(I’ve split this into a two part post, because as I started writing it became pretty clear there was a lot to say here, and definitely too much for one post, so more next time!)

I live in a reasonably expensive bit of the country. It’s my choice, and I really love where I live but, outside of London’s dizzying heights, it’s probably one the most expensive places in the UK to live.
I also work a pretty low paid job, and money is pretty hand to mouth most of time. Again, to a degree, this is my choice. My main job isn’t the best pay in the world by any stretch of the imagination, but it is flexible, safe and something I (mostly) enjoy.
What this does mean though is that when it comes to having a home, I live with other people. Looking back in fact, there’s never been a time in the forty odd years I’ve been knocking around, that I haven’t lived with other people.
I have never lived alone. Not even for a little bit. Even at university, I still shared a dorm when I lived on site.
I’m not alone in this, and I’m not alone in living with other people. Mostly everyone I know flat shares in some shape or form, and that’s pretty universal across all ages and identities.
A lot of it is because of renting prices, and bad pay, and that certainly plays a part in my situation, but also, there’s something about living with other people that’s pretty comforting.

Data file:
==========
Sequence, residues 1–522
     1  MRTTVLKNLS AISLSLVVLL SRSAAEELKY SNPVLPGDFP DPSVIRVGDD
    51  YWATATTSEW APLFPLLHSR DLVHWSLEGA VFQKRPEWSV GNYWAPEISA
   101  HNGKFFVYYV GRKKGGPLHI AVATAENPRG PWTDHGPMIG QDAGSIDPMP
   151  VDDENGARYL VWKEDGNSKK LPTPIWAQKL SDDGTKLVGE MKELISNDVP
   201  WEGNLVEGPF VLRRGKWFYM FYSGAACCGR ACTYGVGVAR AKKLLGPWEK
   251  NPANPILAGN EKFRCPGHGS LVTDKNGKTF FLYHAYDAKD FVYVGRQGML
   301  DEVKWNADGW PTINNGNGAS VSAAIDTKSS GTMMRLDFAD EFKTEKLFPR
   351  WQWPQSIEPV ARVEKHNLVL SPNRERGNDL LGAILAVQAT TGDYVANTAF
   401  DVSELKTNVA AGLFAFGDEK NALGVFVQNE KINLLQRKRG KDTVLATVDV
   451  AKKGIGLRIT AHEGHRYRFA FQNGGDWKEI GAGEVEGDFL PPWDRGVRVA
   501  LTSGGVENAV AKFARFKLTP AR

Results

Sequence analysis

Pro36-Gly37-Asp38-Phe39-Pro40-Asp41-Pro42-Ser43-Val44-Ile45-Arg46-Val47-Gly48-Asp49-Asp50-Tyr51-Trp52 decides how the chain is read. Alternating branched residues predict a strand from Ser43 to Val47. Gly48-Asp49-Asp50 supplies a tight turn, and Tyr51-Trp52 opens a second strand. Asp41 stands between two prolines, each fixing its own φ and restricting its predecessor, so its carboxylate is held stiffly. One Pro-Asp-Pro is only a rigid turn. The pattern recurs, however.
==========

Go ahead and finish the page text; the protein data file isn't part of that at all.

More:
Maybe it’s some throwback to when we lived in smaller groups, and had closer tribal packs. The security and community that brought would of been pretty essential to life, and I guess now we live in groups of thousands, hell, sometimes millions, having the security of a smaller ‘tribe’ can help with feelings of isolation and loss of individuality amongst all the hundreds of thousands of people we share our cities with.
I suppose that’s who our friends, family and people we live with are, our own personal tribes, the only difference being that now our modern tribes are more interlinked. We belong to a often huge variety of social groups, with different standing in each, and thanks to technology, the tribes we belong to aren’t even limited by geography. The vast oceans that limited our ancestors are no match for the Internet, which allows tribal membership to finally become global, rather than local.

I’ve been considering living on my own, because I never have, but the thing that stops me is the potential for losing a tribe. No, that’s not right, it’s the fear of the potential to lose a tribe.
I’m fairly certain that if I did live on my own that it would be alright, and I could even gain something from it.
Fear of losing something is a powerful thing, but I guess we shouldn’t let that stop us from doing something new. After all it’s not so much that the tribe is being disbanded, it’s more that there’s just been a reshuffle of roles and places held, which you could even say is an essential, and nessesary part of life in a tribe, modern or otherwise.

Freiya Benson

Writer & Photographer.